Adam Smith’s ‘Division of Labour’ (1776)

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Adam Smith’s ‘Division of Labour’ (1776)
Great increase of the quantity of work, owing to:
1. Increase in dexterity in every particular workman
2. Saving of the time commonly lost in passing from one species of work to other 3. Invention of a great number of machines which facilitate and abridge labor

Frederick Taylor’s ‘Principles of Scientific Management’ (1911) * Replacement of rule of thumb methods with scientific measurement * Scientific selection and training of workers
* Cooperation of management and labor to accomplish work objectives * More equal division of responsibility between managers and workers Henri Fayol’s ‘Principles of Organization’ (1916)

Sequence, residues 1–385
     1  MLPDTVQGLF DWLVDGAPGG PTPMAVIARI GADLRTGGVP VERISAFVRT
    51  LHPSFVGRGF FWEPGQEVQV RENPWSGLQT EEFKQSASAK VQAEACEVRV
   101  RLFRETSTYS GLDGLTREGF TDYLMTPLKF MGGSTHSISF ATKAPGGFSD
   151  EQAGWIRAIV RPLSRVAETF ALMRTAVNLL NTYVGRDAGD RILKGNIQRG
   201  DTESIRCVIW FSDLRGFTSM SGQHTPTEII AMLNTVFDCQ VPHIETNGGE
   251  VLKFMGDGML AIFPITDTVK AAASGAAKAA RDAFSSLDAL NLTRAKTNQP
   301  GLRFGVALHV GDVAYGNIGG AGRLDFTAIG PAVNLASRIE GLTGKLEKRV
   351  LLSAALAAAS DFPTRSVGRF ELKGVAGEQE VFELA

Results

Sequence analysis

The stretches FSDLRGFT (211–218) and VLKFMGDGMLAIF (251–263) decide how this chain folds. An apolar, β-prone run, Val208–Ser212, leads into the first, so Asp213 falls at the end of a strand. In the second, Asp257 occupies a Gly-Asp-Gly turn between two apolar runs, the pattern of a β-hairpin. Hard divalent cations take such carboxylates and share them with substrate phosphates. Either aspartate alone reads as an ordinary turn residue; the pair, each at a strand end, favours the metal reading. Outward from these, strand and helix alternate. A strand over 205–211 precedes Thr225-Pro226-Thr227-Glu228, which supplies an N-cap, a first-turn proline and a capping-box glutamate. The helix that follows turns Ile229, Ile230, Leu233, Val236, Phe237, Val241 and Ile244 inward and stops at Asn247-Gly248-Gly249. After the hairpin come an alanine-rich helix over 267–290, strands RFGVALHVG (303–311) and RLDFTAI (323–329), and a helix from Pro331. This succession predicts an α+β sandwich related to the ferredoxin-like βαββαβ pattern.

1. Division of work
2. Authority
3. Discipline
4. Unity of command
5. Unity of direction
6. Subordination of individual interests to general interests 7. Remuneration
8. Centralization
9. Scalar Chain
10. Order
11. Equity
12. Stability of tenure of personnel
13. Initiative
14. Espirit de corps

Max Weber’s ‘Bureaucracy’ (1946)
* Characteristics:
I. There is the principle of fixed and official jurisdictional areas, which are generally ordered by rules. II. The principles of office hierarchy and of levels of graded authority mean a firmly ordered system of super and subordination. III. The management of the modern office is based upon written documents (“the files”) IV. Office management, at least all specialized office management- usually presupposes thorough and expert training V. When the office is fully developed, official activity demands the full working capacity of the official VI. The management of the office follows general rules, which are more or less stable, more or less exhaustive, and which can be learned.

Douglas McGregor’s ‘Theory X- Theory Y’ (1960)
* Theory X-
1. Employees inherently dislike work and, whenever possible, attempt to avoid it 2....
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